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Jersey City Rent Control: Owner Occupancy Decontrol? The Rent Control Board Thinks Not.

The Jersey City Rent Control Ordinance requires landlords to provide new tenants with specific information. At the start of each new tenancy a landlord must provide a tenant with a “rental statement” that informs of the tenant of “rent of the prior tenant and notification of the existence of the rent registration law.” The point is pretty simple: If a new tenant finds out her rent is three times what the old tenant paid, she’s more likely to question the legality of the rent. An interesting question presented itself a few weeks ago: What if the owner was the “prior tenant?” What notice is a tenant occupying an apartment after the owner entitled to?

In a recent case before the Jersey City Rent Control Board (the “Board”), a tenant asked for a “waiver” of the statute of limitations (in Jersey City, it’s two years) for a rent control overcharge that continued for 4 years. The tenant alleged that the landlord never provided her with with the rental statement, as required by the ordinance. The landlord’s position was that no rental statement was required since he occupied the unit prior to the tenant. Strengthening, his case, the landlord showed that he otherwise complied with rent control and DCA regulations. Accordingly, the landlord believed that the legal rent for the apartment was simply the new rent.

The tenant objected. For simple starters, a landlord-owner is not a “tenant” and does not pay “rent.” If anything a landlord is merely an occupant who has the fortune of not having to pay himself. Further, allowing a landlord to avoid the rental statement by owner-occupancy creates a type of “owner-occupancy decontrol.” A prior post explained that Jersey City’s Rent Control does not provide for vacancy decontrol. The legal rent charged must be contiguous between tenants. To allow the landlord to avoid the rental statement by occupancy is to create a type of decontrol where every tenant occupying after an owner loses the protection of ordinance.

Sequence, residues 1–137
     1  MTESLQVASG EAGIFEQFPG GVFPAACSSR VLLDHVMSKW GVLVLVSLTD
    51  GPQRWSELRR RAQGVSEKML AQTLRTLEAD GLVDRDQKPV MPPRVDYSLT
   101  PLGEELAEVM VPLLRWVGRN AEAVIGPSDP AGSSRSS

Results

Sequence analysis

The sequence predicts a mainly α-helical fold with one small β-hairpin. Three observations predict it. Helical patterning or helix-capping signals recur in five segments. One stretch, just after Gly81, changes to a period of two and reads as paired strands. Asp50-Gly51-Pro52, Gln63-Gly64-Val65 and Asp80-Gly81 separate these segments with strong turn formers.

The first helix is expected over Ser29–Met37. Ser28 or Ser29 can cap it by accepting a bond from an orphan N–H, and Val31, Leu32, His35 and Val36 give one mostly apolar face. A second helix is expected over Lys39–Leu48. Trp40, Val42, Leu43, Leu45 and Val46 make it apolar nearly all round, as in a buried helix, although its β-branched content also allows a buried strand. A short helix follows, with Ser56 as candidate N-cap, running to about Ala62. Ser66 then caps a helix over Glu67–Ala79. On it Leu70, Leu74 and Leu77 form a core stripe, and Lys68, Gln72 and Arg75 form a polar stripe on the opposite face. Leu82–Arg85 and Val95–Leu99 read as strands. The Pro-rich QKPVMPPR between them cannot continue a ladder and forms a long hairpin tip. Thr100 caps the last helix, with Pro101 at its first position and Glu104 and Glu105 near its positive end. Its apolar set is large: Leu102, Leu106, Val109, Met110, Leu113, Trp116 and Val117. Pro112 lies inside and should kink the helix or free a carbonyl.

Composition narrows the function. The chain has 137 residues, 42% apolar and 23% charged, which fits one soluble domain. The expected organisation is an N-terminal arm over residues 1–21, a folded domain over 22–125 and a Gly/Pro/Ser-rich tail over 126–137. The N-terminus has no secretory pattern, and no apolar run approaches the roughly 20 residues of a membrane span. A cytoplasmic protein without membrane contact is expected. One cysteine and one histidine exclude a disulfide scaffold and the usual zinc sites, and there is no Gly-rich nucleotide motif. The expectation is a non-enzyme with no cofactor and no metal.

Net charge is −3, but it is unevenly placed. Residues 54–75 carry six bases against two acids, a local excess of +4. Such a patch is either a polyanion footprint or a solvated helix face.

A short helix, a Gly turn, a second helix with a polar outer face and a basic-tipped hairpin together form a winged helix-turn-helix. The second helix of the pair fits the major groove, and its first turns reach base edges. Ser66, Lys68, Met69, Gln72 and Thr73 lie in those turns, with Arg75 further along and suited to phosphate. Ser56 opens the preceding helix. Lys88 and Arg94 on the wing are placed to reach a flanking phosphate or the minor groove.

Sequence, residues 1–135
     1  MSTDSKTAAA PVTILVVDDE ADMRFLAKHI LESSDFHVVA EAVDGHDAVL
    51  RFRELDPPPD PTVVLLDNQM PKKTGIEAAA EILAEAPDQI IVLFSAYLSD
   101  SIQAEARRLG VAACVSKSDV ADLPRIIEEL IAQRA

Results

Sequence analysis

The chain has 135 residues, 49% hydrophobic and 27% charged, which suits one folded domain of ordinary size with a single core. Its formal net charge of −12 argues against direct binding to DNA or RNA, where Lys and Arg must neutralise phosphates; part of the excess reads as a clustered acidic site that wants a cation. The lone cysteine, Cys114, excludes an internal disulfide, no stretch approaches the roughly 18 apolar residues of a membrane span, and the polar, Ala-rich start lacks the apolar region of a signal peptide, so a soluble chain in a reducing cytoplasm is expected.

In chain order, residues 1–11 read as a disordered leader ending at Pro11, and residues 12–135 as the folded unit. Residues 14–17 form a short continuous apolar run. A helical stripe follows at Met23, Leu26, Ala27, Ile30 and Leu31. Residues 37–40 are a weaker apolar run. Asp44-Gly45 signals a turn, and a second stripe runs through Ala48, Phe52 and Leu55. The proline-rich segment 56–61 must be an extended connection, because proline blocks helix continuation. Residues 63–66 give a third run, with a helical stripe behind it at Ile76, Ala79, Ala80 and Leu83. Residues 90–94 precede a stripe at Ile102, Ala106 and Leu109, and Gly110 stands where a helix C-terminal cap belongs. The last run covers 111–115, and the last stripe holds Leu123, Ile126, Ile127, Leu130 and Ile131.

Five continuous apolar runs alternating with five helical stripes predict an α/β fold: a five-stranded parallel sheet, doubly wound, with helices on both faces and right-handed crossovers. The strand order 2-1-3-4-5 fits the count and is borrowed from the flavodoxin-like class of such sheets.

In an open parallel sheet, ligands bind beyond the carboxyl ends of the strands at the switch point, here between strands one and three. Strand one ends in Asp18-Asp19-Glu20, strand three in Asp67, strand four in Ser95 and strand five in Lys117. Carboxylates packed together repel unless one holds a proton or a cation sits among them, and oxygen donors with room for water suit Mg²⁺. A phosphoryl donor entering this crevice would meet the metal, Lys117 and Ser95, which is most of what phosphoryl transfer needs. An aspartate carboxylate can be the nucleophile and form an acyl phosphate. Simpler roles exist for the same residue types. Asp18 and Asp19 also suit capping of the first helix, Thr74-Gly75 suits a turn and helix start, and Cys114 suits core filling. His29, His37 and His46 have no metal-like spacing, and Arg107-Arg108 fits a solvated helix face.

One important fact was crucial to the tenant’s case. Before the landlord occupied the apartment, it was rented to another tenant. For the purpose of the Rent Control Ordinance, shouldn’t the landlord have to tell the new tenant what the prior (before his occupancy) tenant’s rent was? In a unanimous decision (that still may be appealed), the Board decided: “Yes.”

There are a few practical effects of this case. For landlords who own rent control buildings, each tenant should be given notice of the prior paying tenant’s rent. Even if the apartment was occupied by the owner, a new tenant is entitled to know what the what the last legal rent for that unit was. For tenants, it’s important to know that the legal rent for each rent controlled unit is contiguous. In other words, an owner’s occupancy will not obligate a tenant to pay any rent other than the legal rent for that unit.

Since the facts of each circumstance vary, a landlord or tenant should consult an attorney with his/her specific circumstances. The Major Law Firm practices landlord tenant law throughout New York and New Jersey assisting landlords and tenants in avoiding unnecessary and costly delays. The firm’s geographic practice area includes: New York City (Manhattan, New York County, Brooklyn, Kings County, Queens, Queens County, Bronx County, Staten Island, Richmond County) and New Jersey (Jersey City, Hoboken, Bayonne, Hudson County, Newark, Essex County, Woodbridge, Middlesex County, Paterson, Passaic County). The Firm invites you to visit the “Promises” page for our new way of doing business